The Immunization Costing Action Network (ICAN) was a research and learning network for increasing the visibility, availability, understanding and use of immunization delivery cost information. The ICAN worked with countries to build capacity around the generation of costing evidence and to improve the interpretation and translation of this data so that it is used in country decision-making processes and informs planning and budgeting. ICAN was supported by the Bill & Melinda Gates Foundation.
As more low- and middle-income countries transition to self-financed immunization programs, governments need accurate and reliable cost information to ensure they mobilize adequate resources to meet coverage goals, address challenges of health equity, effectively manage the introduction of new vaccines and the implementation of campaigns and achieve efficiencies. However, cost data is often of variable quality, hard to compare, and is difficult to access and use by policymakers, program planners, and other global and country-level stakeholders. The goal of ICAN was to help planners and decision-makers generate, access, understand, and use evidence on the cost of delivering vaccines.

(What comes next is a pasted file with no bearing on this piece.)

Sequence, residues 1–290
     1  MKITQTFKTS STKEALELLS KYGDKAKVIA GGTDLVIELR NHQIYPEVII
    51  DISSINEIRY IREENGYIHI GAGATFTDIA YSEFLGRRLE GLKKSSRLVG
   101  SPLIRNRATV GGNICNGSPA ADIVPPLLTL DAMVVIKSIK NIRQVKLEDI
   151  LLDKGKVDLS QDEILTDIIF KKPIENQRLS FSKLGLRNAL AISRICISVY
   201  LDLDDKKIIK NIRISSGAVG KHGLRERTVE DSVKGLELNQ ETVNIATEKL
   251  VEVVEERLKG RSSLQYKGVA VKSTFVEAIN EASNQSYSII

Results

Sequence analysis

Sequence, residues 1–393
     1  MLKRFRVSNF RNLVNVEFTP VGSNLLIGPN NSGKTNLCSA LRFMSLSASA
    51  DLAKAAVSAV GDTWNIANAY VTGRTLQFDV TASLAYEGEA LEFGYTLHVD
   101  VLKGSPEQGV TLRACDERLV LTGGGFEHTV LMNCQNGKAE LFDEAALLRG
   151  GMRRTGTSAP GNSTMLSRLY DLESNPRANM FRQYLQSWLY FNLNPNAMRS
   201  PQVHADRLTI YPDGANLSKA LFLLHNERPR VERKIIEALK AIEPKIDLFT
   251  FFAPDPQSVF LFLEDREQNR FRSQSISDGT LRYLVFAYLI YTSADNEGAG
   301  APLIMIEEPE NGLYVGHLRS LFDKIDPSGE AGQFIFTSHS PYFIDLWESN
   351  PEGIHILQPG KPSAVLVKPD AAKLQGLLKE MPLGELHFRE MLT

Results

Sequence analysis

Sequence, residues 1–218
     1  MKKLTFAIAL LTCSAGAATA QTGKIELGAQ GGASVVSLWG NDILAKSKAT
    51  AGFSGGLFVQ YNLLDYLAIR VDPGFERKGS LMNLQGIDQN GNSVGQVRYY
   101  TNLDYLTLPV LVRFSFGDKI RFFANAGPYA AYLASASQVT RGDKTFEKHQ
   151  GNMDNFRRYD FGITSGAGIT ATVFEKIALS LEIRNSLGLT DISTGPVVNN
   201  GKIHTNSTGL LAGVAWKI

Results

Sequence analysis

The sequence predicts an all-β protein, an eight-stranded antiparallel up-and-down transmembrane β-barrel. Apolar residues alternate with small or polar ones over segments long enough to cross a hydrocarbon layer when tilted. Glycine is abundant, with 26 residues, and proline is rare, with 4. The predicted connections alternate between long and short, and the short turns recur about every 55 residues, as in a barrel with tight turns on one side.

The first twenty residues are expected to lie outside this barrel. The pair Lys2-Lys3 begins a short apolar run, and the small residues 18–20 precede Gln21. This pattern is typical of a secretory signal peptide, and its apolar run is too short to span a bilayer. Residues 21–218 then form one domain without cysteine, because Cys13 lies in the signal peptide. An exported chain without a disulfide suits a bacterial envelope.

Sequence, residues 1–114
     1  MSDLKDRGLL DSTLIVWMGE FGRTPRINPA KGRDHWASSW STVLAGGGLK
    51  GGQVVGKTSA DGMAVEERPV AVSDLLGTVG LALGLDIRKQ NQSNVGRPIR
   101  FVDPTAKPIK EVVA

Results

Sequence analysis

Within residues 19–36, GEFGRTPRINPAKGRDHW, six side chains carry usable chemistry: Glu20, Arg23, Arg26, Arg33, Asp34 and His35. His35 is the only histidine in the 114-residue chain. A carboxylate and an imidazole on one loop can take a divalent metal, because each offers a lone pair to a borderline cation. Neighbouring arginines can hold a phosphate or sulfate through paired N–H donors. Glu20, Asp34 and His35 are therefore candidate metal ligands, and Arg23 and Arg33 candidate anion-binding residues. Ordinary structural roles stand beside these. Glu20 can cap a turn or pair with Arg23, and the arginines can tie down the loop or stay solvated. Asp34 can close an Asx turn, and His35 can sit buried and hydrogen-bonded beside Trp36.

Global research and analytics
ThinkWell completed a systematic review of over 17,000 articles and reports presenting immunization delivery cost data for a variety of vaccines, delivery strategies, types of cost analysis, and low-and middle-income country settings. The purpose of the review was to answer the question “What are the unit costs of vaccine delivery across different low-and middle-income countries and through a variety of delivery strategies?” To make the data accessible and easy to understand, ThinkWell developed the Immunization Delivery Cost Catalogue (IDCC) and methodology note, analytic report, and how-to user guides. ThinkWell also published the methods and findings in Vaccine: X.